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Multifactor productivity and its determinants: an empirical analysis for Mexican manufacturing

  • Héctor Salgado Banda

    ()

  • Lorenzo Bernal Verdugo

    ()

We use data from the Annual Industrial Survey for 1996-2003. First, we estimate production functions by means of growth accounting exercises and panel data econometrics for the whole sector and for 14 comprehensive groups. Various measures of Multifactor Productivity (MFP) are constructed, as we consider diverse combinations of inputs with capital, labour, electricity and transport. This allows us to compare MFP growth rates between groups. Second, we analyse econometrically some of the determinants of MFP and Labour Productivity (LP) growth. We find that, on the one hand, there is some evidence of a positive relationship between market concentration and technology adoption; on the other hand, both technology adoption and human capital seem to be promoting productivity, whilst market concentration is exerting a negative influence on it. In sum, our results suggest that, once controlling for the effect on technology adoption, more concentration (conversely, less competition) has a negative impact on productivity.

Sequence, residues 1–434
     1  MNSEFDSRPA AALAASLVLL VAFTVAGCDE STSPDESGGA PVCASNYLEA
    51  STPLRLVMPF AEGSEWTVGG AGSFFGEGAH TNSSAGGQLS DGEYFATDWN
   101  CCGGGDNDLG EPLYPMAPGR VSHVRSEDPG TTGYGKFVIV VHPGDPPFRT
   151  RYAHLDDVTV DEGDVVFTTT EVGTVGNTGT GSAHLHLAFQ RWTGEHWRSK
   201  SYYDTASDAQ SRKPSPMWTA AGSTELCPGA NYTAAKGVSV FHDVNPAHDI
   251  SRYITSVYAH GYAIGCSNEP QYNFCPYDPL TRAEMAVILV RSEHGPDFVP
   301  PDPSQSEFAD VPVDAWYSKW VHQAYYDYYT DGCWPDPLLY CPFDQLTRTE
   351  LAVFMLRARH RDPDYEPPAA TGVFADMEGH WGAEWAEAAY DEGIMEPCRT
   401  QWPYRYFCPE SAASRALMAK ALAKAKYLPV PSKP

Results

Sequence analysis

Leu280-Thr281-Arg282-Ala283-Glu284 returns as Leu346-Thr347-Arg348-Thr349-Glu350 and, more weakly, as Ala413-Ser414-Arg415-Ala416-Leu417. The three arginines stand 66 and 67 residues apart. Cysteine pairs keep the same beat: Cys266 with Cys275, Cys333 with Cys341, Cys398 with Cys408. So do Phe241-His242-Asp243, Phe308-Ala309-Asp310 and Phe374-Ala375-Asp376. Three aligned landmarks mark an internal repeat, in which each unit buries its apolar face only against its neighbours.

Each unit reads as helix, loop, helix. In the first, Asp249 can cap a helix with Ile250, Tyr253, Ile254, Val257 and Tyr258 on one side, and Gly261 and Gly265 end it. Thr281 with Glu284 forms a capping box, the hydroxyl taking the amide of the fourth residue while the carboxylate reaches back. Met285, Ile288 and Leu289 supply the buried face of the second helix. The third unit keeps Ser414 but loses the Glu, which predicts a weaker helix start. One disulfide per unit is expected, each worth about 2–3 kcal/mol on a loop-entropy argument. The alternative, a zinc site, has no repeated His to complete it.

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File URL: http://hdl.handle.net/10.1007/s11123-011-0218-2
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Article provided by Springer in its journal Journal of Productivity Analysis.

Volume (Year): 36 (2011)
Issue (Month): 3 (December)
Pages: 293-308

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Handle: RePEc:kap:jproda:v:36:y:2011:i:3:p:293-308
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